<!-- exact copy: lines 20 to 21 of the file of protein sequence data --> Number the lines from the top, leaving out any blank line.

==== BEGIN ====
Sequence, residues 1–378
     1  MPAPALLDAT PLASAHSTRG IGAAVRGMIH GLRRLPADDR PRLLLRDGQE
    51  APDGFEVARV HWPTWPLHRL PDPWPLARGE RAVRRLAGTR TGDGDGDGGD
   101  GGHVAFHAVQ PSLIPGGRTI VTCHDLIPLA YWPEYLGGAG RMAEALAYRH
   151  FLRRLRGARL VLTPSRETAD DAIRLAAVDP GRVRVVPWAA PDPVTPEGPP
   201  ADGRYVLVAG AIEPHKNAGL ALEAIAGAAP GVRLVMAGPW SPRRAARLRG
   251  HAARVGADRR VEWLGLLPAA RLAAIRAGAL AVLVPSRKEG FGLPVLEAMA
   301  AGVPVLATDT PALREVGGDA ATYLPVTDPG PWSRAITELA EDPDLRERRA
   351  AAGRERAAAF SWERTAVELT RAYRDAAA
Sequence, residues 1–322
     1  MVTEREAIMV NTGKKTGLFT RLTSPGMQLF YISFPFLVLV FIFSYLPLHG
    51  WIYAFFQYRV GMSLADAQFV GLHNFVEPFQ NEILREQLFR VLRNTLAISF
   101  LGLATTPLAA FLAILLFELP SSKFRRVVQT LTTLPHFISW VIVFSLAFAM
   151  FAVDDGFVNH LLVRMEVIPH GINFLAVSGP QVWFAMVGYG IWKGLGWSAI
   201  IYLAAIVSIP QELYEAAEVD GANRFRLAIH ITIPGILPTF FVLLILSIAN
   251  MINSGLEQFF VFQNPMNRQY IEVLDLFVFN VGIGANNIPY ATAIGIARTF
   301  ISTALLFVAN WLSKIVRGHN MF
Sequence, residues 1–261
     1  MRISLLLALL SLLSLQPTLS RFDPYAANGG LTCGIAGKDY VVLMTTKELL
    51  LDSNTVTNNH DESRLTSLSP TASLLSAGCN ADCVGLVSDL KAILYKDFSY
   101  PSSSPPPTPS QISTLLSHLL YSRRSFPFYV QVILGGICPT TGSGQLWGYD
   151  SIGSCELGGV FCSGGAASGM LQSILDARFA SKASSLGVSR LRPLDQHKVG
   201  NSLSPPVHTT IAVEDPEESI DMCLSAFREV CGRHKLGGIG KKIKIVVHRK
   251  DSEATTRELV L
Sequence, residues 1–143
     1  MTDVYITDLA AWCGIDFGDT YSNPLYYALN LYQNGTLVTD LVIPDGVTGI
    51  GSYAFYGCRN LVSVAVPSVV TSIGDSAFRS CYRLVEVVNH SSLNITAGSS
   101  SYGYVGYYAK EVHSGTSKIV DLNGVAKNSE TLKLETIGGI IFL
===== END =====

    51  LDSNTVTNNH DESRLTSLSP TASLLSAGCN ADCVGLVSDL KAILYKDFSY
   101  PSSSPPPTPS QISTLLSHLL YSRRSFPFYV QVILGGICPT TGSGQLWGYD